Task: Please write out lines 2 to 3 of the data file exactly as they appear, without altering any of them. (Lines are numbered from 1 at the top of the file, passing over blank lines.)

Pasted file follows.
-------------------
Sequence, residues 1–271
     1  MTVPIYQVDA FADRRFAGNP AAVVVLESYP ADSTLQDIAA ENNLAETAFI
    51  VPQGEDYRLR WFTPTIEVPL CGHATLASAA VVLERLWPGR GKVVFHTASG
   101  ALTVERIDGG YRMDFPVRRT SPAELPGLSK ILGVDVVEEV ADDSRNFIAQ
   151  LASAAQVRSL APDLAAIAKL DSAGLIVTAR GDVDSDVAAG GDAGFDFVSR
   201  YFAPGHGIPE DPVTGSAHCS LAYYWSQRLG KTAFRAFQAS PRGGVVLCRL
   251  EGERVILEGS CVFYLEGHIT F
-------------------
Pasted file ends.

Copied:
     1  MTVPIYQVDA FADRRFAGNP AAVVVLESYP ADSTLQDIAA ENNLAETAFI
    51  VPQGEDYRLR WFTPTIEVPL CGHATLASAA VVLERLWPGR GKVVFHTASG